Testing aquarium water is a key component of maintaining a healthy environment for fish. The question is, what should be tested? Is there a difference between test kits? This list of aquarium water test kits helps sort what to test for and provides information about what testing products are available.
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Combination, or Master test kits are touted as the perfect way to have all the tests you need on hand. But are they worth the money? The pros of buying a combo kit are lower cost per test, everything has the same expiration dates, and it’s a quick and easy way to purchase and keep the basic tests all at once.
The downside is that one can’t customize tests; the components within the kits are fixed by the manufacturer. Another complaint many have is that, much like the printer ink cartridges that come bundled together rather than purchased separately, the kits tend to run out of one component long before the others. What should be done? It is recommended to get a master test kit with at least pH, ammonia, nitrite, and nitrate. Other components in the kit may vary by manufacturer, and select the one that has the most other tests that you would use. Selections are chlorine, chloramine, hardness, alkalinity, phosphate, iron, copper, calcium and possibly other tests. The kit may contain chemicals in the form of tablets. liquids and some include test strips.
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An ammonia test kit is one of the must-haves for every aquarium owner. However, not all ammonia tests are created equal. The primary issue at hand is the fact that ammonia can be present in a non-ionized form (NH3), or the ionized form (NH4+) known as ammonium.
The toxic NH3 is what hobbyists are concerned about, but most tests give results for the total of NH3 and NH4+, the total ammonia-nitrogen value. The difference can be determined by using an Ammonia Ionization Chart, when you know the aquarium water temperature and pH. The toxic ammonia level (NH3) should always be at zero, but sometimes there will be the non-toxic ionized form (NH4+) of ammonium present in the aquarium water.
Seachem kits reliably test for both total ammonia and NH3, however, the kits cost more than the type that tests only for total ammonia. Seachem also produces ammonia alert products that are placed within the aquarium to indicate ammonia level, which are generally good but are not as reliable as actual test kits.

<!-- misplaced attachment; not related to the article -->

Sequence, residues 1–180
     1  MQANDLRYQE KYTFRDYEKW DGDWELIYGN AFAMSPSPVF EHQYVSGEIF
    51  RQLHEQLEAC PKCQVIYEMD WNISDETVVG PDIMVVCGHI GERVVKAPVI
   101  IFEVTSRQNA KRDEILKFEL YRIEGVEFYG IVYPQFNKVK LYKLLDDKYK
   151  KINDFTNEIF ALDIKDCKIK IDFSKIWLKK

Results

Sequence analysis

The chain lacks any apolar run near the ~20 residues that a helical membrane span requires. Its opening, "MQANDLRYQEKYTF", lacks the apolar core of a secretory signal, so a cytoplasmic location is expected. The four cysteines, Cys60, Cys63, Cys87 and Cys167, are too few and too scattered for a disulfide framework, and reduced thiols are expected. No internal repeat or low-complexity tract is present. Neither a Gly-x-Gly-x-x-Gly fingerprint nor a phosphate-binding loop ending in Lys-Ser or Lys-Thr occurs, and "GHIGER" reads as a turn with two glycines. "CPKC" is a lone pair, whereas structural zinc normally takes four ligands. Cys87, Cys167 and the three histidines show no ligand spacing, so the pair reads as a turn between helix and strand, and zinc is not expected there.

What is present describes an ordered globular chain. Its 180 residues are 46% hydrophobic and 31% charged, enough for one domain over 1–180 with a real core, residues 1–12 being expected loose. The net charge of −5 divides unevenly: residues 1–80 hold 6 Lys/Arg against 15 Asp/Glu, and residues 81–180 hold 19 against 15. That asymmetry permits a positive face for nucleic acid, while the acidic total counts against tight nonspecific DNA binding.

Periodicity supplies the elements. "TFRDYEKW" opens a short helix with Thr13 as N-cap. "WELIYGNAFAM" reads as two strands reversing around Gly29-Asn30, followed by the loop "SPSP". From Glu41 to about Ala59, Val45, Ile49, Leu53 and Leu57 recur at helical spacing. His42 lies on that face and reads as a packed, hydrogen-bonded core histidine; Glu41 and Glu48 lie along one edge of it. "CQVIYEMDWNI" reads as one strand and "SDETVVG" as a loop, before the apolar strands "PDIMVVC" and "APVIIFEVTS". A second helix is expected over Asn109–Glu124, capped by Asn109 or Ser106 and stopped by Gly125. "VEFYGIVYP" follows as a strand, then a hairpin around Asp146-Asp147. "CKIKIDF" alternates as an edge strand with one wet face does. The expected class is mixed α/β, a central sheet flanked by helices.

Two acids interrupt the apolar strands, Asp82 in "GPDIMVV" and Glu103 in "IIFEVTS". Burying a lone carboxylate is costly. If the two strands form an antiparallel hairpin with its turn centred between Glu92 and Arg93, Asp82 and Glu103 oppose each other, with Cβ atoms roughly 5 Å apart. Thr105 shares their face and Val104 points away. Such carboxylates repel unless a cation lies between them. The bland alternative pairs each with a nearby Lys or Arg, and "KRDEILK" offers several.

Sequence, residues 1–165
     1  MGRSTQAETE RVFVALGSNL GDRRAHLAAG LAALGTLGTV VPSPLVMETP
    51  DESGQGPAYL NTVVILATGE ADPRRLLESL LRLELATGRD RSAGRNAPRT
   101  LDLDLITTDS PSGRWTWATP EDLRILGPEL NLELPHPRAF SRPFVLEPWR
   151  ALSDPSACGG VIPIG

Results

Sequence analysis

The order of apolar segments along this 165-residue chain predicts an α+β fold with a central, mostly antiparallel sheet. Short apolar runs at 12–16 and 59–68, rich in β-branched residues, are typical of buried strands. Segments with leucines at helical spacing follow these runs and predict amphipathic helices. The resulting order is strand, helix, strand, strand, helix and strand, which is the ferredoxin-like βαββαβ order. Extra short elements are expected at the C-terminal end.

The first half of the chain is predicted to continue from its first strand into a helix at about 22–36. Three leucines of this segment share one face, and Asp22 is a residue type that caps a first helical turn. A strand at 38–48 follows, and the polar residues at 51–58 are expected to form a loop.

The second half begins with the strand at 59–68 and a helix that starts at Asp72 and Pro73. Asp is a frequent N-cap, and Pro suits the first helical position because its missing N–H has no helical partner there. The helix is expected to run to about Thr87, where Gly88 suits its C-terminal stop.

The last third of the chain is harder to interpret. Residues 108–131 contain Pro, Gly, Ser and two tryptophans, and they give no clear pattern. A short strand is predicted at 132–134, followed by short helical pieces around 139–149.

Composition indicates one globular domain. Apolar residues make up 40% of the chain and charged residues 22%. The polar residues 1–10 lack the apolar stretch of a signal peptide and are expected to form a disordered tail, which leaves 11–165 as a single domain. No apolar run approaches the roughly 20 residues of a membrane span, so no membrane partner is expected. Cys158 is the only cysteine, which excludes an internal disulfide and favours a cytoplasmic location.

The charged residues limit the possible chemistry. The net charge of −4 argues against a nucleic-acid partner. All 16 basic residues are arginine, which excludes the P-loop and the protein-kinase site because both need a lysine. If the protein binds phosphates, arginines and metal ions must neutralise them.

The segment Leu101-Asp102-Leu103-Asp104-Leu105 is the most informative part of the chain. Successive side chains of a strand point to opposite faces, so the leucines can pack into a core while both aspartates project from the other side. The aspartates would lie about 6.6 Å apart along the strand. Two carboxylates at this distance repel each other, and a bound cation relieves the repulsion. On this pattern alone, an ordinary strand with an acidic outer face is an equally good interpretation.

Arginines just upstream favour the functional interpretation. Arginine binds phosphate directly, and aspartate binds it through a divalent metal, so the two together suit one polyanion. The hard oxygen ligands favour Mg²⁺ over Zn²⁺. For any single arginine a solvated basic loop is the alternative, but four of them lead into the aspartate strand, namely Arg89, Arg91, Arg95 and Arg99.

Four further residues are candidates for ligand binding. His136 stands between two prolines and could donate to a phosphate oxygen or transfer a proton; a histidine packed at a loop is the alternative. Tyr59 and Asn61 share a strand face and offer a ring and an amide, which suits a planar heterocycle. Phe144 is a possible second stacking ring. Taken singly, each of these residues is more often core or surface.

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Nitrite is another test that is important during the start-up of a new aquarium, as well as for ongoing water analysis to catch problems before they become serious. New aquariums should have the ammonia and nitrite levels tested at least weekly to prevent the problem called "New Tank Syndrome." Once you have your aquarium well-established, we recommend testing for nitrite monthly and any time a fish is sick or dies.
It is preferable to use liquid test kits for accuracy, but using test strips will give a general guide to the nitrite level, which should be at zero. If any nitrite is detected in the aquarium water, steps should be taken to remove it.
It is common to see combo test strips of nitrite and nitrate, and other tests all on one plastic strip. However, the chemicals to test ammonia may affect the nitrite and nitrate testing, so ammonia is usually on a strip by itself.
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Nitrate Test Kits
Nitrate is not as dangerous for fish, but at high levels it stresses them, leaving them more susceptible to disease and ultimately shortening their lifespan. If it is desired to breed fish, keeping nitrate low is a must. Elevated nitrate is also a major contributor to algae growth. For all those reasons, it’s wise to track nitrate levels regularly in any aquarium.
While ammonia and nitrite levels should always be at or near zero (0.0 milligrams per liter, mg/L) in the aquarium water, nitrate can go up to 10 or even 20 mg/L (also measured as parts per million, or PPM), it is important to do partial water changes to lower the nitrate if it gets to 40 mg/L or more.
Nitrate tests are often included in a master test kit or paired with a nitrite test kit, but they can also be purchased separately. As with other tests, liquid test kits are preferred. However, if cost is an issue, the strips will do. They are not as accurate as using a liquid or tablet test, but will give a general range that is close enough to take action if the levels are high.Continue to 5 of 10 below.